I can't speak for the designers of all UPS's, but any unit with either a pi-network or L-network (inductor input) output filter is going to soak up those spikes before they leave the box.

    A 130 volt MOV connected to a 120 VAC (RMS) outlet is going to blow within a few tenths of a second. I have never seen such a device on the line side of a power supply. I have real difficulty taking the rest of your piece seriously after reading this.

    The only time that an AC motor will cause grief to a UPS is if you're powering it and your load is actually driving the motor; i.e. you're using a motor to power an uphill conveyor and the load on the conveyor gets to great as to start moving the belt downhill and drive the motor. This causes the motor to generate instead of.. uh.. "motorate" and raises the bus voltage on your poor UPS which was NOT designed to do so.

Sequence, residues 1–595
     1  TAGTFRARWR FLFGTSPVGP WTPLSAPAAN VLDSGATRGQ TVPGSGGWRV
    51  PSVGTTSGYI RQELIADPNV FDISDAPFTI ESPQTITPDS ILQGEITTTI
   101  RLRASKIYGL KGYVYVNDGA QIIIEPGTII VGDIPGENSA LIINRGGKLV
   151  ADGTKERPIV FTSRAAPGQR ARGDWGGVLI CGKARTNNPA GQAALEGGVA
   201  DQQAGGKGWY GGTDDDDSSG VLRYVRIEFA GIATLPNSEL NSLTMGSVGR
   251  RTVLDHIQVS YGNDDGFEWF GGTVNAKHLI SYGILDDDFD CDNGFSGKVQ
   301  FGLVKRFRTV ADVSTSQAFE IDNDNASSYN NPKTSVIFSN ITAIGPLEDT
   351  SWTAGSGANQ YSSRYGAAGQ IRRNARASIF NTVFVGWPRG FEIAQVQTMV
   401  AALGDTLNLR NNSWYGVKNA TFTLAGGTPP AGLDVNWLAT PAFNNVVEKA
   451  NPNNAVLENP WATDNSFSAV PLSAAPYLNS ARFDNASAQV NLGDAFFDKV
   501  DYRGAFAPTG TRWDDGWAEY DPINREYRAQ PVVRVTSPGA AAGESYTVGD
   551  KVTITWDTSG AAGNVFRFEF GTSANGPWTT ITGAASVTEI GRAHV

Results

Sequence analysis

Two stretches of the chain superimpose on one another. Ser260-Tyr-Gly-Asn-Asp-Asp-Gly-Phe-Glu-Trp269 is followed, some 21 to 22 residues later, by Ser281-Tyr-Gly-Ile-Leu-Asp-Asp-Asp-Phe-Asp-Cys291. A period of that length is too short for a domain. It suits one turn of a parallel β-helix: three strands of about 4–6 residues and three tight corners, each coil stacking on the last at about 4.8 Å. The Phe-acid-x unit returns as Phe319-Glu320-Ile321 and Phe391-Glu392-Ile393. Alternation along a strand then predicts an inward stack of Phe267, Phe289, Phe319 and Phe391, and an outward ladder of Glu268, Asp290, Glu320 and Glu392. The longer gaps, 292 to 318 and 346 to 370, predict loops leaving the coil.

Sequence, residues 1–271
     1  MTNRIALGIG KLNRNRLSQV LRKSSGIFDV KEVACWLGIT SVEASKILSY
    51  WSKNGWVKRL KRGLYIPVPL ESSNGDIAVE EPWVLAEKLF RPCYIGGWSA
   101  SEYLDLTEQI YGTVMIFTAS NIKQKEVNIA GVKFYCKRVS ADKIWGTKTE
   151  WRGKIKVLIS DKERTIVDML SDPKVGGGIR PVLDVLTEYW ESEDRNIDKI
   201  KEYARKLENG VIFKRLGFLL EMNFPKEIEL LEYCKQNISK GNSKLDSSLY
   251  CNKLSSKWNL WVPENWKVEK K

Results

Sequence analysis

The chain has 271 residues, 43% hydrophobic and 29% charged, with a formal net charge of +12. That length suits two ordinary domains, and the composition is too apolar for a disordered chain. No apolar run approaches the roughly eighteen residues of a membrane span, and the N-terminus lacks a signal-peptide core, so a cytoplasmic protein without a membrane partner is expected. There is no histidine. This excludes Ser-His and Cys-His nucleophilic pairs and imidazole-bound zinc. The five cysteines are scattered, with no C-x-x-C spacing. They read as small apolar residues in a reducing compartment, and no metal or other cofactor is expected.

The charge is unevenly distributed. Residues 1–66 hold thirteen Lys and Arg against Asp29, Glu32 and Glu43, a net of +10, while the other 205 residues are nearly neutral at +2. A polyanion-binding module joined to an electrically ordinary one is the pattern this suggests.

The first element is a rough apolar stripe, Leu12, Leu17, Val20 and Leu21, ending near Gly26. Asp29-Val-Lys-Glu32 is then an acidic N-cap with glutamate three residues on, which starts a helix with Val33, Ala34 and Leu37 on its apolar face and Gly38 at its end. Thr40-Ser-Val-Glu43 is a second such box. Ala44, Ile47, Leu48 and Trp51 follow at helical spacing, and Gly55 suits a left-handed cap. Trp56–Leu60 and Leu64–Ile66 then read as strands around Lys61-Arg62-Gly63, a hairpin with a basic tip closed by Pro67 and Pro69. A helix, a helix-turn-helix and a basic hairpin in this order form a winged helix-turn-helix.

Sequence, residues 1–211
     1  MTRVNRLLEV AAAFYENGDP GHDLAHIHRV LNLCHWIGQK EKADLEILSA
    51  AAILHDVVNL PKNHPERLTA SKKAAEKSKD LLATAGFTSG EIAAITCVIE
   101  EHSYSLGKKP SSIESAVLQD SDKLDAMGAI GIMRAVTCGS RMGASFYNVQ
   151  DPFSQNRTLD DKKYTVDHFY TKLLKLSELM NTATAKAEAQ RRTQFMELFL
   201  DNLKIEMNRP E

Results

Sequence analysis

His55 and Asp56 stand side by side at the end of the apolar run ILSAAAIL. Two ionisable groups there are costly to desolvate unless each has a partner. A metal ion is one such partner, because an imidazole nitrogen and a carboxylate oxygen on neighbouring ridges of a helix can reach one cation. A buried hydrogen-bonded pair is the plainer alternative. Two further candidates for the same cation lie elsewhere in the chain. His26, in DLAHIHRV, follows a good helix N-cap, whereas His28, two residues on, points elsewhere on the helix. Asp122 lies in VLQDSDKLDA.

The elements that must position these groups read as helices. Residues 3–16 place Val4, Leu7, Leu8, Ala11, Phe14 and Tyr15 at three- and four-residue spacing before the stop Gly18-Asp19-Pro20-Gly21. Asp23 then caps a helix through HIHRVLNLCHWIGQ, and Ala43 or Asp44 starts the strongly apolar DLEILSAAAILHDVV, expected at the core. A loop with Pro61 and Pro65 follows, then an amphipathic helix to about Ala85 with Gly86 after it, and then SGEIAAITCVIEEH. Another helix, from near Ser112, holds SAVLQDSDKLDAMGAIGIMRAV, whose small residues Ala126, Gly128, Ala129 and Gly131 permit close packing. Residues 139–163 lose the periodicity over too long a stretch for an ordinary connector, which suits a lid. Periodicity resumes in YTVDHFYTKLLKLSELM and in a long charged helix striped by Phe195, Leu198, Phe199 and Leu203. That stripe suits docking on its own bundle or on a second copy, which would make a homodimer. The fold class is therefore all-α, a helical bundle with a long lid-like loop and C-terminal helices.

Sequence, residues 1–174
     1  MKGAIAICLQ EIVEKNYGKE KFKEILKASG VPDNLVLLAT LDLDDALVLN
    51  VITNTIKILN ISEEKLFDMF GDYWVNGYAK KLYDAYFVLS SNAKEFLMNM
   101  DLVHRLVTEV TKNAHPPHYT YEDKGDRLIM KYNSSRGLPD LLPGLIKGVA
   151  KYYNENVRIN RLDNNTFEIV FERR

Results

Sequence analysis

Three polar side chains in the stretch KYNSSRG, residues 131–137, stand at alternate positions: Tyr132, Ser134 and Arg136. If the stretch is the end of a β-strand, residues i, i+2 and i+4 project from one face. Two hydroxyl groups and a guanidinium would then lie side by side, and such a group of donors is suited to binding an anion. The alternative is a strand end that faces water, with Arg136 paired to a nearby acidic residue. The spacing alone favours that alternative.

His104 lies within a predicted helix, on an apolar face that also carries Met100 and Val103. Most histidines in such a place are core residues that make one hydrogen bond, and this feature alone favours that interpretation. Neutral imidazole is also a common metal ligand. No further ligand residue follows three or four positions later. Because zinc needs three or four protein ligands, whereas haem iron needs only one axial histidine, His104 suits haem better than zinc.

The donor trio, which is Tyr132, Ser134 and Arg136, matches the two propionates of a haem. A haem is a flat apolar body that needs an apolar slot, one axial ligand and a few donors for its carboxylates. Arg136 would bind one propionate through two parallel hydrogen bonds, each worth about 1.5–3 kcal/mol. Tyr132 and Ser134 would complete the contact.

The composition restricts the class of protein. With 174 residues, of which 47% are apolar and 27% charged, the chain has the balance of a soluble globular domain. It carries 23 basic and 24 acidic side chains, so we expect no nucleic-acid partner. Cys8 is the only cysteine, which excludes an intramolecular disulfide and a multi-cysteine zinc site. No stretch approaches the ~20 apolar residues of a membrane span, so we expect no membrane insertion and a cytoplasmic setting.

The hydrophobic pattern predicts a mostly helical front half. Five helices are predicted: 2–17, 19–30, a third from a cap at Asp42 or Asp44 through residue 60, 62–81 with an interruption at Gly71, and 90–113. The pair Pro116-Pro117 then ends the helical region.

Sorry, wrong. An induction motor will only generate power if it is turning faster than synchronous speed. If you are turning it in the backward direction, you are going to have current draw (both power and power factor) typical of a stall*. If you are powering it from an inverter and the inverter cannot handle a stalled motor on continuous duty, something's going to quit in the inverter (unless the motor's thermal cutout trips first).

    *Unless it is a single-phase motor and you get it up to the speed where the start winding disconnects. If that happens, a single-phase induction motor will happily run backwards.